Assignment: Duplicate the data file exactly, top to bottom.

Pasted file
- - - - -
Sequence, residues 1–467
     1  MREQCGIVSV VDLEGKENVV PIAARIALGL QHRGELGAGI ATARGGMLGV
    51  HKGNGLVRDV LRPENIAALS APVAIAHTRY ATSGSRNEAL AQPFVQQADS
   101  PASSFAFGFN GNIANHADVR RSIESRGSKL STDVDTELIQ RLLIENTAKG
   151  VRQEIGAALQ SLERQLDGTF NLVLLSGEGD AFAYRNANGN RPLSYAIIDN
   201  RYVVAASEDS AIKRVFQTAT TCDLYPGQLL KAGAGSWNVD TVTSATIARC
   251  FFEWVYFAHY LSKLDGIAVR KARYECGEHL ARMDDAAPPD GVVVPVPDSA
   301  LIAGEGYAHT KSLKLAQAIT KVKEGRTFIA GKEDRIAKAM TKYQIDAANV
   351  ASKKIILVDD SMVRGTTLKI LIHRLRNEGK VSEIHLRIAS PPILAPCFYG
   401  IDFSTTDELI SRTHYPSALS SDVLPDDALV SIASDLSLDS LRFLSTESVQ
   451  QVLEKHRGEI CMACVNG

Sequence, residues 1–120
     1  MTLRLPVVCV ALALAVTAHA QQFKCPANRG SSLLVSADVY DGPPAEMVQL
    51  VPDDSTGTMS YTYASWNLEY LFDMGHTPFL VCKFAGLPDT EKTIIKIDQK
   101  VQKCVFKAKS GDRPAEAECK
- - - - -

Sequence, residues 1–467
     1  MREQCGIVSV VDLEGKENVV PIAARIALGL QHRGELGAGI ATARGGMLGV
    51  HKGNGLVRDV LRPENIAALS APVAIAHTRY ATSGSRNEAL AQPFVQQADS
   101  PASSFAFGFN GNIANHADVR RSIESRGSKL STDVDTELIQ RLLIENTAKG
   151  VRQEIGAALQ SLERQLDGTF NLVLLSGEGD AFAYRNANGN RPLSYAIIDN
   201  RYVVAASEDS AIKRVFQTAT TCDLYPGQLL KAGAGSWNVD TVTSATIARC
   251  FFEWVYFAHY LSKLDGIAVR KARYECGEHL ARMDDAAPPD GVVVPVPDSA
   301  LIAGEGYAHT KSLKLAQAIT KVKEGRTFIA GKEDRIAKAM TKYQIDAANV
   351  ASKKIILVDD SMVRGTTLKI LIHRLRNEGK VSEIHLRIAS PPILAPCFYG
   401  IDFSTTDELI SRTHYPSALS SDVLPDDALV SIASDLSLDS LRFLSTESVQ
   451  QVLEKHRGEI CMACVNG

Sequence, residues 1–120
     1  MTLRLPVVCV ALALAVTAHA QQFKCPANRG SSLLVSADVY DGPPAEMVQL
    51  VPDDSTGTMS YTYASWNLEY LFDMGHTPFL VCKFAGLPDT EKTIIKIDQK
   101  VQKCVFKAKS GDRPAEAECK